Safety and reliability are some of the biggest forces driving CBM adoption across the industry. The environmental and financial impact of catastrophic failures is a top concern of management teams and are central to safe, efficient operations. The complexity of offshore facilities balanced by a streamlined workforce presents an opportunity to leverage data to make sure work is performed on the right equipment at the right time. Riding on top of these forces is the remote nature of offshore facilities. In the event of equipment failure, spare parts or intrinsic knowledge may be hundreds of miles away, so performing repairs should be done with the proper teams onsite during a time that will have the least amount of impact on ongoing operations.
OE: Why do you think that producers have failed to adopt the architecture they need? Will this prevent them from reaping the full benefits of CBM?
Data is not the issue; modern offshore facilities generate vast amounts of data from thousands and thousands of sensors. But, identifying which data is useful and what is noise is one barrier to adoption. (McKinsey reported that less than 1% of the sensor data on offshore rigs is used in the decision-making process). Another obstacle is managing this data and the costs associated with moving it to the cloud where advanced analytics and machine learning can be performed. With edge (fog) computing, much of this analysis can now be performed onsite avoiding costly cellular/satellite transmission fees while simultaneously reducing latency. Additionally, we’re starting to see organizational changes across teams and hybridization between operations technology, engineering technology and information technology. Small project teams are being assembled to address critical issues and are driving scalable change across companies.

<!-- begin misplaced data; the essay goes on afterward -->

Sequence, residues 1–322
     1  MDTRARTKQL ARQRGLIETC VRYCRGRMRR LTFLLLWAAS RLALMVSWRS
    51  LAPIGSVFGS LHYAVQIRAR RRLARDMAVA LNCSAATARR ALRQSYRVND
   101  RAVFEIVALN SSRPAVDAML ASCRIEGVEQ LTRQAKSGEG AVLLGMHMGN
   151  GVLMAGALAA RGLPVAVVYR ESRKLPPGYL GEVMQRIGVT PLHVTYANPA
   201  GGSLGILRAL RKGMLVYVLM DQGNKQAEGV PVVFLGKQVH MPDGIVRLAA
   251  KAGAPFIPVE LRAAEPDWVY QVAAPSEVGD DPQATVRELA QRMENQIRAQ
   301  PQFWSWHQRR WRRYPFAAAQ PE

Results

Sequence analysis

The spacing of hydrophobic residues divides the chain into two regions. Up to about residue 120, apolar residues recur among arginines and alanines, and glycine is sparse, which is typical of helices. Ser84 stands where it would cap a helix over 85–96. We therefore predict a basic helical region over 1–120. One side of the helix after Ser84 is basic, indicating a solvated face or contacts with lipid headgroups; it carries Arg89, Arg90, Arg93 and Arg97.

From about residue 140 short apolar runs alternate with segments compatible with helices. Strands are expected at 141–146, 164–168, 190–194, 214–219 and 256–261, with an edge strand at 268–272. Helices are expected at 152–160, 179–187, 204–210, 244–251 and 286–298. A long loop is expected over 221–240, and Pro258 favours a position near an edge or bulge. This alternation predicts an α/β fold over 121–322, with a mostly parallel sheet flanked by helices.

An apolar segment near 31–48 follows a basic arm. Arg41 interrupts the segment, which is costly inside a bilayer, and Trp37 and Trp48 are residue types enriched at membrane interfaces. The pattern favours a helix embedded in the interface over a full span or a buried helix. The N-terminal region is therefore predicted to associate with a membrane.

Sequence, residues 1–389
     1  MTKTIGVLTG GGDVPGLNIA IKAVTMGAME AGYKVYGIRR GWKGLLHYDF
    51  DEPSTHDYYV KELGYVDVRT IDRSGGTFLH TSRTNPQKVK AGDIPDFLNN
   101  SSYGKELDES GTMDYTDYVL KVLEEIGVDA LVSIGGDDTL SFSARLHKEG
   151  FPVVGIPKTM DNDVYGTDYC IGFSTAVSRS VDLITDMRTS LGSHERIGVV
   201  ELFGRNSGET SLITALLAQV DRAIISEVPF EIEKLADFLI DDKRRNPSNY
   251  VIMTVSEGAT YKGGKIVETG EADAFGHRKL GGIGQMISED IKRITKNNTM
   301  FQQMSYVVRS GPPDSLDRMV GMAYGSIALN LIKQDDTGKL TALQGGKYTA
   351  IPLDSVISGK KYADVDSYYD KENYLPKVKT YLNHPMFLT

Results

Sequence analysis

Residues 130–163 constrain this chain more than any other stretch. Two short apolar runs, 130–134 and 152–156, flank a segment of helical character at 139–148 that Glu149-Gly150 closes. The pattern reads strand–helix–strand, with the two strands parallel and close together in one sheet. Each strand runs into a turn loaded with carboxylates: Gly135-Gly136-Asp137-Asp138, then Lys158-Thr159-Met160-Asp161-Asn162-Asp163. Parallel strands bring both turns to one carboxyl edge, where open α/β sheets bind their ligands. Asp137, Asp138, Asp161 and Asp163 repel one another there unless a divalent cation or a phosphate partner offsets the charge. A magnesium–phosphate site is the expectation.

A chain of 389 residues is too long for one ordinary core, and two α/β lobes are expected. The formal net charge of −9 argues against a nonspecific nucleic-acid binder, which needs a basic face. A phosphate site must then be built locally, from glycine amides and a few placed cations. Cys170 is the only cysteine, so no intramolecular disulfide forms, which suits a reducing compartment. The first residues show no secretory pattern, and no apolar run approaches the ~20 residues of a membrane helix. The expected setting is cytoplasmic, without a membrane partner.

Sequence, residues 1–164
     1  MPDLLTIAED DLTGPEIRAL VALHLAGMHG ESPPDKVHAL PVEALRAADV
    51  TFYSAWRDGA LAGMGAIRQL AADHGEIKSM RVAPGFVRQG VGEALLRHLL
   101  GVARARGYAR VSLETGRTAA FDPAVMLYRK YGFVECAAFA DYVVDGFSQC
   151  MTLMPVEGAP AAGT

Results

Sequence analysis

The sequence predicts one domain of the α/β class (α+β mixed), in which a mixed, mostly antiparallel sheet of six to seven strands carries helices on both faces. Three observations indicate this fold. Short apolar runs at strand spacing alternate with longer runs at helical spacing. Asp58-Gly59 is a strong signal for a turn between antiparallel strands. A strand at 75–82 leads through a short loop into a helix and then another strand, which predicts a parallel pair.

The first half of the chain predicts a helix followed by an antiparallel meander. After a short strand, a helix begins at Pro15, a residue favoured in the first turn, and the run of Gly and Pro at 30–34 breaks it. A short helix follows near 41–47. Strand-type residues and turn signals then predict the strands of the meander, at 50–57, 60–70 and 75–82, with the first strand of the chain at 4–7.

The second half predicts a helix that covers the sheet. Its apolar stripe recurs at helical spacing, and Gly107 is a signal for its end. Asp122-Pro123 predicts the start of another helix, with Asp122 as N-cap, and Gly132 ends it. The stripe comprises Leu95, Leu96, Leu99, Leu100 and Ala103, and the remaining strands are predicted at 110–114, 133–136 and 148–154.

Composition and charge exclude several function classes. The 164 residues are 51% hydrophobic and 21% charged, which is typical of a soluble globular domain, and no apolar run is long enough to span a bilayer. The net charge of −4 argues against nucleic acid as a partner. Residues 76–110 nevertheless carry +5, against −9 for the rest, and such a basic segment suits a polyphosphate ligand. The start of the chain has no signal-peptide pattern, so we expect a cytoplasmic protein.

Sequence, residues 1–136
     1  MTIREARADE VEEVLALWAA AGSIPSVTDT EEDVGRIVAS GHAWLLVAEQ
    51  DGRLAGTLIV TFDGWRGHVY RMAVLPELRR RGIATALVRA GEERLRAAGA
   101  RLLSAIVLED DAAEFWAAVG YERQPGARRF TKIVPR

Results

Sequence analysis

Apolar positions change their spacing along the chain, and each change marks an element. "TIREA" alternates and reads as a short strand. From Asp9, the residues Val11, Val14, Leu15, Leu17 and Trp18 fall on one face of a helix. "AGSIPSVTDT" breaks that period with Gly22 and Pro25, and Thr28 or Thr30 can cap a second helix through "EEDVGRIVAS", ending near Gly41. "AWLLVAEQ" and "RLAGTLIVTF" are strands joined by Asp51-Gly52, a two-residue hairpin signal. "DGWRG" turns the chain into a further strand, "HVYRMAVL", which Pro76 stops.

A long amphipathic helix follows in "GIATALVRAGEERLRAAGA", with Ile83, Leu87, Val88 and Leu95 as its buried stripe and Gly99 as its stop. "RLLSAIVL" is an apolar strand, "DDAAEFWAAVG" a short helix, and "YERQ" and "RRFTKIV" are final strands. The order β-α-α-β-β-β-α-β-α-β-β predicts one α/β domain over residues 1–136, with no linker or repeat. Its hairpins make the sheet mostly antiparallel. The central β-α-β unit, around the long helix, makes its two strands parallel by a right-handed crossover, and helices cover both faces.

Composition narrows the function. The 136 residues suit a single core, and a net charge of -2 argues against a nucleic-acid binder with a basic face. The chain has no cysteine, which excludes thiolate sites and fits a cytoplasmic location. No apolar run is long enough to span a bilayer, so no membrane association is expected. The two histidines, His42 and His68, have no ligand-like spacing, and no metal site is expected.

OE: What kind of challenges must the industry address for CBM to significantly impact subsea production?
The benefits of CBM are magnified in subsea production, given the limited accessibility to equipment. However, companies need to up their CBM smarts to coordinate maintenance across subsea equipment – equipment needs to be grouped together and machine learning behind CBM analysis needs to optimize the maintenance interval across the entire group of equipment. Additionally, companies need to look beyond CBM and leverage predictive failure technology to decrease downtime of subsea equipment even further.
OE: What other challenges face the oil and gas industry in adopting CBM?
Scalability is a challenge for CBM for several different reasons. In modern rigs, data collection is natively built into most of the equipment, but it becomes more difficult in older installations. Granted, equipment doesn’t have to be replaced outright as data collection technology can be retrofitted to older equipment, but this retrofit still requires planning and capital. Secondly, the ideal scenario for CBM is when you can compare performance characteristics and operating parameters across several identical pieces of equipment. It’s not realistic to have a single make and model of a given type of equipment across all sites but some level of uniformity is required.
Prasantha Jayakody is a senior product manager for Bsquare. He has over 20 years’ experience in the software industry, working with companies across several industries. Prasantha graduated from the University of Pennsylvania with a BA in mathematics and a BS in computer science.